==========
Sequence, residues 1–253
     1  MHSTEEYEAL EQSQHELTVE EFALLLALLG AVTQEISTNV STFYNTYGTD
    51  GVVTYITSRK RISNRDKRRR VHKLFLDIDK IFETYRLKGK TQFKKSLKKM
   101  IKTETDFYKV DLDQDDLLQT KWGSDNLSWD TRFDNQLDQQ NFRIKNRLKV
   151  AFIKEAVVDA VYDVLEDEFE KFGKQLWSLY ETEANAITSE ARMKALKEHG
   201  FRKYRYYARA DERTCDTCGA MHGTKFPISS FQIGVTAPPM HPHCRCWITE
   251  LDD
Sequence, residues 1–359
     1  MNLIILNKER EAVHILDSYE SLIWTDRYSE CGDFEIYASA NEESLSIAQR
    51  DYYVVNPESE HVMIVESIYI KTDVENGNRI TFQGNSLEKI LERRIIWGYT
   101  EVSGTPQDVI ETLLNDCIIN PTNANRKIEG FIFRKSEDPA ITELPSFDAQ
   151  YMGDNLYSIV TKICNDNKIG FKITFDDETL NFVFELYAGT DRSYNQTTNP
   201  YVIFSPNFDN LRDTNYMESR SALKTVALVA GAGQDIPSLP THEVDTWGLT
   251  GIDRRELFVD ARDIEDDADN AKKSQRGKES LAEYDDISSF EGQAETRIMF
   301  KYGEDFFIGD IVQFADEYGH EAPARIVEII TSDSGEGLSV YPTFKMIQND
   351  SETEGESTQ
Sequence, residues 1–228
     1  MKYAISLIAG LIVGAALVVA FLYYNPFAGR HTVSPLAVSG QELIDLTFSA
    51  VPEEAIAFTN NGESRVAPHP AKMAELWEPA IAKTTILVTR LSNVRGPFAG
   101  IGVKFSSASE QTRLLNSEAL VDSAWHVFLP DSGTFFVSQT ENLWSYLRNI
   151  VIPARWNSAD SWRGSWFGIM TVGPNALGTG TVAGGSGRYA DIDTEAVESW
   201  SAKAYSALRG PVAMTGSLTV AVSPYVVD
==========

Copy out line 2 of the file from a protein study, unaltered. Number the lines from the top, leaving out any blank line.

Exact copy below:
     1  MHSTEEYEAL EQSQHELTVE EFALLLALLG AVTQEISTNV STFYNTYGTD